National Oceanic and
Atmospheric Administration
United States Department of Commerce


FY 2007

Effect of ocean conditions on the cross-shelf distribution of walleye pollock (Theragra chalcogramma) and capelin (Mallotus villosus)

Hollowed, A.B., C.D. Wilson, P.J. Stabeno, and S.A. Salo

Fish. Oceanogr., 16(2), 142–154, doi: 10.1111/j.1365-2419.2006.00418.x (2007)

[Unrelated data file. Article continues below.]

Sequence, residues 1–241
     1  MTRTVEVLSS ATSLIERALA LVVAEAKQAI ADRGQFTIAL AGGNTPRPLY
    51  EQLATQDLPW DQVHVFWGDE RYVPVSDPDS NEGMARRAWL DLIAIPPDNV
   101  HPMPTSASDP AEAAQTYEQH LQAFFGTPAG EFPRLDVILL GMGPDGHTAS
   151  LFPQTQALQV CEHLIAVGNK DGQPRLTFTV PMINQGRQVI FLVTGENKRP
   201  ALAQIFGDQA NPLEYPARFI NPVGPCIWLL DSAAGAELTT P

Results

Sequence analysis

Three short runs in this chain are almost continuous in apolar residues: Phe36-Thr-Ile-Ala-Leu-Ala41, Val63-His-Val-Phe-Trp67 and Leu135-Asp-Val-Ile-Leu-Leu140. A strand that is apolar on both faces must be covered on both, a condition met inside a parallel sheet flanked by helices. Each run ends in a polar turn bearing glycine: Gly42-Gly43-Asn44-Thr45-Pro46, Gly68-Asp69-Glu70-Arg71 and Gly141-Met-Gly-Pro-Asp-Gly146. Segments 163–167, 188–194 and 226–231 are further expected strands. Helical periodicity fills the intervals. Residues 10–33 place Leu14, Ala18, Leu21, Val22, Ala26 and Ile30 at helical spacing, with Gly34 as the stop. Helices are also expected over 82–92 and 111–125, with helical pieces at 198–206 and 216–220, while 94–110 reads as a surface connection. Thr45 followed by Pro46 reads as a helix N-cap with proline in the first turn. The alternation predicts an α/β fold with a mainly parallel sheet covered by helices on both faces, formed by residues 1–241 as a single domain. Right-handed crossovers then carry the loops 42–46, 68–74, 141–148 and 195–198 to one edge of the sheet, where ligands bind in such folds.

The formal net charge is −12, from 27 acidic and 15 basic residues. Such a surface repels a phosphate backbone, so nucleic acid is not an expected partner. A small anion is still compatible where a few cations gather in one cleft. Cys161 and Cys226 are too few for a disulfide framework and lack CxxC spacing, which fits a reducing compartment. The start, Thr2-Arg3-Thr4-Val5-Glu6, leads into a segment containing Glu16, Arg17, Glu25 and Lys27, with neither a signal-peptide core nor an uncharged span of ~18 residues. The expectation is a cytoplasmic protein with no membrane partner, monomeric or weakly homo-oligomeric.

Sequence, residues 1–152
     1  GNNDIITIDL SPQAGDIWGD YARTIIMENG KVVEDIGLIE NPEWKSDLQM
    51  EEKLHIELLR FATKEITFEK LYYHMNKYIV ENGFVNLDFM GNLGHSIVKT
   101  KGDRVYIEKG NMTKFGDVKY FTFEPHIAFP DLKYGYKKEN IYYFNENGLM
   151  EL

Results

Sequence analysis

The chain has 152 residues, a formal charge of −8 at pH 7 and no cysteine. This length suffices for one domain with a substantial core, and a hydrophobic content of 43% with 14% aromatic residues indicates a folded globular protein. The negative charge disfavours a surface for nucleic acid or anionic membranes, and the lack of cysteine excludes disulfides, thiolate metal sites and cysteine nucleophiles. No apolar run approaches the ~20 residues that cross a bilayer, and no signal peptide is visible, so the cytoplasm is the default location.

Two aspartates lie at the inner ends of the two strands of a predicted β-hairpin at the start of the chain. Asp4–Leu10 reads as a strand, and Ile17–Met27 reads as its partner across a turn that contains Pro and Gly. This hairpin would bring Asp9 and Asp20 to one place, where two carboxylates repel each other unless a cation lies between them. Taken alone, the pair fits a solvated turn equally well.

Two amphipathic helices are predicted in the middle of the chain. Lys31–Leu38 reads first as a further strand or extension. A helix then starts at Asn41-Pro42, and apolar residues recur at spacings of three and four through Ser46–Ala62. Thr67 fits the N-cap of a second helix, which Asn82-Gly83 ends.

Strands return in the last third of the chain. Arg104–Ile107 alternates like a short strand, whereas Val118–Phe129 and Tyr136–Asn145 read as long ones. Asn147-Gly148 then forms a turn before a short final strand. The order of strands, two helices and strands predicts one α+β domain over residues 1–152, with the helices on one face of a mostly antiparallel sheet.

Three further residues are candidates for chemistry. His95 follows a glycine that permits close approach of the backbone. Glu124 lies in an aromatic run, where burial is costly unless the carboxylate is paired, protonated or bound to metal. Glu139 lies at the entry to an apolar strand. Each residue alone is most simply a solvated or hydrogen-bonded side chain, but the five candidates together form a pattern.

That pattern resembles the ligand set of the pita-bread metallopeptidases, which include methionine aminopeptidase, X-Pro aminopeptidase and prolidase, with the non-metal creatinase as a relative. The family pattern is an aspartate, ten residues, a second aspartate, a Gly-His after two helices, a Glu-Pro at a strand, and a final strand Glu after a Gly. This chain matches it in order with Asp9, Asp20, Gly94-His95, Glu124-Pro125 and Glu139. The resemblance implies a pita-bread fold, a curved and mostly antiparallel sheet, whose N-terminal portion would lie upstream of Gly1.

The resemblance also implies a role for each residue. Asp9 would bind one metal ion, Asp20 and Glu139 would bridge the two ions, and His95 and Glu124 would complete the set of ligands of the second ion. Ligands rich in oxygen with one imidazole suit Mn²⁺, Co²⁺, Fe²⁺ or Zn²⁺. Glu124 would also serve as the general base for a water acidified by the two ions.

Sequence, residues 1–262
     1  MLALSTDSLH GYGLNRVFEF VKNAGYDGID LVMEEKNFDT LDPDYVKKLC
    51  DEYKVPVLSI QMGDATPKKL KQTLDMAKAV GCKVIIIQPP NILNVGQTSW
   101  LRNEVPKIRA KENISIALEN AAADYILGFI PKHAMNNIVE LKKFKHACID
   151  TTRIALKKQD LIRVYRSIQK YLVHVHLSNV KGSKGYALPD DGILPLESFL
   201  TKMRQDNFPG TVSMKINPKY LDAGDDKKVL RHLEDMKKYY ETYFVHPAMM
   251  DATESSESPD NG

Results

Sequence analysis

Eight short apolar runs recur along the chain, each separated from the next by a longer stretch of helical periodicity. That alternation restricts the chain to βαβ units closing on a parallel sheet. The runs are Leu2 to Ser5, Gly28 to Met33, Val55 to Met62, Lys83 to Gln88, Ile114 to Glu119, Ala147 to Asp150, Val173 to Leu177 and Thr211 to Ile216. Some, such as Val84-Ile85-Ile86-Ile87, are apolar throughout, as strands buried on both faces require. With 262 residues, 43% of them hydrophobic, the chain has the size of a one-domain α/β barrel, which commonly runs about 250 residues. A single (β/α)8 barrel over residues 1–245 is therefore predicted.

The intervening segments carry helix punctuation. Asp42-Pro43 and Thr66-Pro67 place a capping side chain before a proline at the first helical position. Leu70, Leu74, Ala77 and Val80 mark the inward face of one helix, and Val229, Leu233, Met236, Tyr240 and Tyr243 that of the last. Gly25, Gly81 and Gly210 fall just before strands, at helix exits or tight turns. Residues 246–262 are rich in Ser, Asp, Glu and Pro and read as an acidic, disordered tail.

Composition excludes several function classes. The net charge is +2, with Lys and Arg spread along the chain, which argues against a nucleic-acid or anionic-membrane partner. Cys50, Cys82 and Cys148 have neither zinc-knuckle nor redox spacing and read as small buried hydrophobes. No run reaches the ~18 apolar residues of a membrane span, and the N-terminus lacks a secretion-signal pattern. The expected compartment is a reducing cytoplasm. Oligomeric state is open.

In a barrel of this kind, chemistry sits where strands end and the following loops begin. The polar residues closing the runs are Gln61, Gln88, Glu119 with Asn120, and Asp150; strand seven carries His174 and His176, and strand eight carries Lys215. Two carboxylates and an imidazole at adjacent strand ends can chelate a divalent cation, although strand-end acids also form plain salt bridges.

Acoustic trawl surveys were conducted in 2000 and 2001 in two troughs located off the eastern coast of Kodiak Island in the Gulf of Alaska as part of a multiyear, multidisciplinary experiment to examine the influence of environmental conditions on the spatial distribution of adult and juvenile walleye pollock (Theragra chalcogramma) and capelin (Mallotus villosus). Continuous underway sea surface temperature samples and water column profiles collected in 2000 and 2001 showed the presence of a sharp shelf-break front in Chiniak Trough and a mid-trough front in Barnabas Trough. At distances <22 km from shore, the water column was well mixed, whereas a welldefined mixed layer was present beyond approximately 22 km from shore. Satellite drifter tracks in Barnabas Trough entered along the upstream edge of the trough and appeared to follow the frontal boundary across the middle portion of the trough. A storm in 2001 weakened stratification and cooled surface water temperature by 1.6–2.1°C. Wind mixing associated with the storm event mixed subsurface chlorophyll a to the surface and enhanced nutrients in the surface waters. The storm event revealed spatial partitioning of summer production in Barnabas Trough, with production concentrated in regions inside the mid-trough front. In contrast, post-storm summer production was distributed throughout Chiniak Trough. The spatial distribution of walleye pollock and capelin differed and appeared to be related to differences in habitat characteristics. Acoustic survey data identified four acoustic sign types: age-1 pollock, adult pollock, capelin, capelin–age-0 pollock mix. The spatial distribution of these four sign types appears to be influenced by the oceanographic and topographic features of the two troughs. Adult pollock were broadly distributed throughout Chiniak Trough, whereas adult pollock were aggregated on the coastal side of the frontal system in Barnabas Trough. In 2000, capelin occurred with age-0 pollock. In Chiniak Trough, capelin were most abundant along steep topographic gradients at the edges of the trough and in a deep region near Cape Chiniak, whereas the capelin–age-0 mix (2000) or capelin (2001) concentrations were observed in slope water intrusions over the outer shelf in Barnabas Trough. Results suggest that habitat selection of walleye pollock and capelin are controlled by different processes. Capelin distributions appear to be limited by oceanographic conditions while other factors appear to be more important for pollock.

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